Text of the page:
1st Edition

The Illusion Of Presidential Government

By Hugh Heclo, Lester M Salamon Copyright 1982
    360 Pages
    by Routledge

    376 Pages
    by Routledge

    "Presidential government is an illusion. It is an image that misleads presidents no less than the media and the American public." Thus begins this realistic look at the presidency, in which nine leading presidential scholars examine how and why we are under the illusion of presidential government and ask such questions as: What is the president's actual role? What has happened to his traditional tools of executive leadership? How is the office of the president organized to deal with domestic, economic, and national security affairs? is federal regulation an area of potential power for the president? And, if "presidential government" is indeed a myth, what can be done to help the presidency play a more effective part in constitutional government? Each chapter probes a different facet of the image of presidential government by looking at the major operations of the modern presidency-from struggles with Congress for control of administrative detail to problems of managing the economy and national security. The book closes with the final report of the National Academy of Public Administration's Panel on Presidential Management. Not surprisingly, the authors do not always agree; nevertheless, they are united in the view that the managerial role of the president must be seen as a whole-and without illusions.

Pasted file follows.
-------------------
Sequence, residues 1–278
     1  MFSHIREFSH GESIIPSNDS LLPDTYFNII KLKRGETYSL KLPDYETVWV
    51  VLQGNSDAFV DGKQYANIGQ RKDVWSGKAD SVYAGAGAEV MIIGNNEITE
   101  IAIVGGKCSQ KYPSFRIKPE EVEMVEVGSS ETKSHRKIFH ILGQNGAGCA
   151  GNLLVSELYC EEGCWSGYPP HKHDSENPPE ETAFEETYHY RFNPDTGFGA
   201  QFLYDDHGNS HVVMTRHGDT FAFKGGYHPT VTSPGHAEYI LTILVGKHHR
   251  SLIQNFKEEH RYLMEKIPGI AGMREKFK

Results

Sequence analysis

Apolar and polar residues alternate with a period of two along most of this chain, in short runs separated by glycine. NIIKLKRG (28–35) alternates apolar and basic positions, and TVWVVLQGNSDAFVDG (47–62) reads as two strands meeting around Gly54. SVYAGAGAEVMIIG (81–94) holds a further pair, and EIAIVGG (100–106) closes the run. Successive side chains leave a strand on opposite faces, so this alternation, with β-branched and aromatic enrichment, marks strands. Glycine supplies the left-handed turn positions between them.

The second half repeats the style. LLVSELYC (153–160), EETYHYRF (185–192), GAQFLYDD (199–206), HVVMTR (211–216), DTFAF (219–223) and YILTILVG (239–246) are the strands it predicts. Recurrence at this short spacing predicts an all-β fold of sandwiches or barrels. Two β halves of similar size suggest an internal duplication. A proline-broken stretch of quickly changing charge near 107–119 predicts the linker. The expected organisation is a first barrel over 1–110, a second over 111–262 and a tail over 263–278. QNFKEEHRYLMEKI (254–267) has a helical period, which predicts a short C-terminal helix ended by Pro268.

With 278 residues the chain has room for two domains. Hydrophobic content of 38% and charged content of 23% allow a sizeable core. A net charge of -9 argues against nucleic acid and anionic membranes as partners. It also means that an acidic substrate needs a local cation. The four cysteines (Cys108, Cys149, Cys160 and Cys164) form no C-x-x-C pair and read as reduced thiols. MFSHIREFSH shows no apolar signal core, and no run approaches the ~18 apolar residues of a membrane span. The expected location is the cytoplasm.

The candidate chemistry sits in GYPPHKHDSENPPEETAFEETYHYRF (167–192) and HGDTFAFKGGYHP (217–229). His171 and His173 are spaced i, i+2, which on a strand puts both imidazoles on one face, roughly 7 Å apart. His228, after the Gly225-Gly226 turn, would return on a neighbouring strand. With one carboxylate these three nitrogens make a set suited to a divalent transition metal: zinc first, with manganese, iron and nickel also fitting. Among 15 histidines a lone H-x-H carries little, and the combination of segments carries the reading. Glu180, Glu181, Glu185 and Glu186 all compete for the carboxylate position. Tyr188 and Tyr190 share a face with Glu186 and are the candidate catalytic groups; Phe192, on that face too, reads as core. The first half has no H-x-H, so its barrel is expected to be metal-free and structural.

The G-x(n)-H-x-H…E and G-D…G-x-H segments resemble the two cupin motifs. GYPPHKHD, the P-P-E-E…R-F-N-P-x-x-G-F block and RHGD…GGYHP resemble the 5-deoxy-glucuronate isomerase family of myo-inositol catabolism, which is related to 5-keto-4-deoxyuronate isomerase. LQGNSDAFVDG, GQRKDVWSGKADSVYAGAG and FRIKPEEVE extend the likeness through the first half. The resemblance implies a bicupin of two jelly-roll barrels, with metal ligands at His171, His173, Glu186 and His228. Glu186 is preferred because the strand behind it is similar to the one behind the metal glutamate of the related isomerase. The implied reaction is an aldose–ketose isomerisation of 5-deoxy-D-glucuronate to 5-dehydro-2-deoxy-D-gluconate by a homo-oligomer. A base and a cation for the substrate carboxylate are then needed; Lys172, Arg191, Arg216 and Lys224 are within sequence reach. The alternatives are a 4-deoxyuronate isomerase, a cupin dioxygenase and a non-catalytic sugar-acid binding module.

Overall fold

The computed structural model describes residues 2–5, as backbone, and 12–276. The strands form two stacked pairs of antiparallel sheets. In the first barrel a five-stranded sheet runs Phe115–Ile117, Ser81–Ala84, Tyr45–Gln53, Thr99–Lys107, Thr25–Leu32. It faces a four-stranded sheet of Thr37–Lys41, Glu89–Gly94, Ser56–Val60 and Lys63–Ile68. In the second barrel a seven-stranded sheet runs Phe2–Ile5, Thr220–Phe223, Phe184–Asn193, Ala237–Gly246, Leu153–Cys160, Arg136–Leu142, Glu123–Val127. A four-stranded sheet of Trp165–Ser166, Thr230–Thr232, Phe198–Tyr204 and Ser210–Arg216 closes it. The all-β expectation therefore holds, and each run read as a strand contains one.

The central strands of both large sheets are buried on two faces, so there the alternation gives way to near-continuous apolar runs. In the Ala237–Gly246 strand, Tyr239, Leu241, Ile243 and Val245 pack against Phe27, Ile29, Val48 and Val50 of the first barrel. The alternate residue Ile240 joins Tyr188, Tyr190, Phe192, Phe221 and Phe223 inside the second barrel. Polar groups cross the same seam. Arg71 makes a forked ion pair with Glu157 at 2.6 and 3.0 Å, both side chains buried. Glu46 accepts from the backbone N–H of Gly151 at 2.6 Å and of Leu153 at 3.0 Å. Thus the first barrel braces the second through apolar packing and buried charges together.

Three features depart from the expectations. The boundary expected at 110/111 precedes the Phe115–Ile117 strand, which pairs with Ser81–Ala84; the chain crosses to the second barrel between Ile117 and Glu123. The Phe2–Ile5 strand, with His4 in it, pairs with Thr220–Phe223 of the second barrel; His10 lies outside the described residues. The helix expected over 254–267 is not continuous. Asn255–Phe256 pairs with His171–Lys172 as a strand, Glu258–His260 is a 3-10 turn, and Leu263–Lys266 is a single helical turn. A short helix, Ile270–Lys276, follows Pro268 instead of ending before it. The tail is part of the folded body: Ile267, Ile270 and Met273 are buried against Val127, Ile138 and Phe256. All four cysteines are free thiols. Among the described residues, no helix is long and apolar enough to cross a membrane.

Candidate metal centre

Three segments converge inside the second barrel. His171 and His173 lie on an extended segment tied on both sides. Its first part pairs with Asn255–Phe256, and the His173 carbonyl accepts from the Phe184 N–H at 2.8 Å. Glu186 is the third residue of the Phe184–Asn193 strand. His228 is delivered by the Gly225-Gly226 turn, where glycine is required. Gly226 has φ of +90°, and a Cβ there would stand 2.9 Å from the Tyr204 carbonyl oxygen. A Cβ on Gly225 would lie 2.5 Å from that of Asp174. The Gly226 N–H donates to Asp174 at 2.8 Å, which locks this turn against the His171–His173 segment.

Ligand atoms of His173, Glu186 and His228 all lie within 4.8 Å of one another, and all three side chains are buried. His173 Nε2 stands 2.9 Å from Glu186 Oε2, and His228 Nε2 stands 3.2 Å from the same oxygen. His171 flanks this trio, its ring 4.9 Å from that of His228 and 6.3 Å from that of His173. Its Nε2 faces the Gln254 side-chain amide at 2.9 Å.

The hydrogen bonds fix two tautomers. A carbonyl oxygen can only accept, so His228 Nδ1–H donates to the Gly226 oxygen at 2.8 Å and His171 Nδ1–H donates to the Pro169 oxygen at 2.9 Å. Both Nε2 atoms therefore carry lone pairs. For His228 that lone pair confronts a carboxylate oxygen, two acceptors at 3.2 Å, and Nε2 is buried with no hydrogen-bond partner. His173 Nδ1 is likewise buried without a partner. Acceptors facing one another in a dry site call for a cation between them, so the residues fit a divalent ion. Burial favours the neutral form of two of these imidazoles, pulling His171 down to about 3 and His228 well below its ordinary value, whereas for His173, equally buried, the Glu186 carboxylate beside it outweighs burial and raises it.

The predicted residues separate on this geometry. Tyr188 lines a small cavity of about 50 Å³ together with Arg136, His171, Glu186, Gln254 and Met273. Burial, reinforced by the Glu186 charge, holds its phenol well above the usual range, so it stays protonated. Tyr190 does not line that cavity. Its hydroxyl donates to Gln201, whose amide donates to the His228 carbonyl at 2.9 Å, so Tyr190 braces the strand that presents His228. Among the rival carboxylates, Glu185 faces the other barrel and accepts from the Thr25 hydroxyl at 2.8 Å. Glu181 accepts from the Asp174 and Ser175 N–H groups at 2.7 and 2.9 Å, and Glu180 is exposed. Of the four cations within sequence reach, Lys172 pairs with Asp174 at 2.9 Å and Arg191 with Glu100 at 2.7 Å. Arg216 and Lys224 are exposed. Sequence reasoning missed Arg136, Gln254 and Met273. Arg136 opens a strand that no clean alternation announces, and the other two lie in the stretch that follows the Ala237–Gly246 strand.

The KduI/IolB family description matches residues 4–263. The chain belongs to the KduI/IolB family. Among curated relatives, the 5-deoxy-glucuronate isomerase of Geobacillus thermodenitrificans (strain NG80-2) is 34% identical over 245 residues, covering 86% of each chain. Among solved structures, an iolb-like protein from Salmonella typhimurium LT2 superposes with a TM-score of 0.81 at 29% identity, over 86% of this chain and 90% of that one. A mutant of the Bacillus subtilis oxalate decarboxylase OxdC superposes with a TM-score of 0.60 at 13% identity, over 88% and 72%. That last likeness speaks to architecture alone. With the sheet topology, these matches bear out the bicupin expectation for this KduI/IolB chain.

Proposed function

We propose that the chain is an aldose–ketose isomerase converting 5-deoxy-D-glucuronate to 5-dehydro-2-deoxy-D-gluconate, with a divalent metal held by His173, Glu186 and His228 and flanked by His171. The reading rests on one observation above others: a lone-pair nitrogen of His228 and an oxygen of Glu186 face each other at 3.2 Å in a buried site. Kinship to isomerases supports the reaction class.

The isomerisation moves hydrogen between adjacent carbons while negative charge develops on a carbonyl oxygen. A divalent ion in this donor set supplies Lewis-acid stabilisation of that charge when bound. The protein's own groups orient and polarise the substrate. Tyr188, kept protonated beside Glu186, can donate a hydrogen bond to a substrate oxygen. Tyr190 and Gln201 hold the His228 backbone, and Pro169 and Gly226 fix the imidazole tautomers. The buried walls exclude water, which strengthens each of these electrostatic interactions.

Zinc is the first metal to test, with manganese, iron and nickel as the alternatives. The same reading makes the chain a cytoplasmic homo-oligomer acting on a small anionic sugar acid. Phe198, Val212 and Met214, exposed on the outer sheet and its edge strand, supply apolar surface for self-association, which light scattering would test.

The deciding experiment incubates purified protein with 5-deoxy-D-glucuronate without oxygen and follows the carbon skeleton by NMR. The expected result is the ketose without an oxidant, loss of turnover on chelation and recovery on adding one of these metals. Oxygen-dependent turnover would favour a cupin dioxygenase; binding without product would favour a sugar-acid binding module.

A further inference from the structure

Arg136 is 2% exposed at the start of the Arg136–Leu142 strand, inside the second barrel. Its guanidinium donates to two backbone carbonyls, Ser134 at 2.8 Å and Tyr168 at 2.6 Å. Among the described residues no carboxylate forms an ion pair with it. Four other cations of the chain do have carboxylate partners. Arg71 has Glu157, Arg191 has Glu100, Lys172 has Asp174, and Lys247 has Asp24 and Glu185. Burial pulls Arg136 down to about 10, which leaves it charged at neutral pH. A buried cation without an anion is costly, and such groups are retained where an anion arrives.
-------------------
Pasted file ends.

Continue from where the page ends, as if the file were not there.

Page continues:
Also of Interest -- Preface -- Introduction: The Presidential Illusion -- The Unwritten Constitution -- Congress and the President in the Administrative Process: The Uneasy Alliance -- The Presidential Office: Velvet Fist in an Iron Glove -- Process Management -- The Problem of Presidential Budgeting -- The Paradox of Presidential Personnel Management -- Federal Regulation: A New Arena for Presidential Power? -- Policy Management -- The Presidency and Domestic Policy Formulation -- The President and Economic Policy: Problems, Patterns, and Alternatives -- National Security I: Inventing a Process (1945–1960) -- National Security II: The Rise of the Assistant (1961–1981) -- Conclusion: Beyond the Presidential Illusion—Toward a Constitutional Presidency -- A Presidency for the 1980s: A Report by a Panel of the National Academy of Public Administration


    Hugh Hecan, Lesterain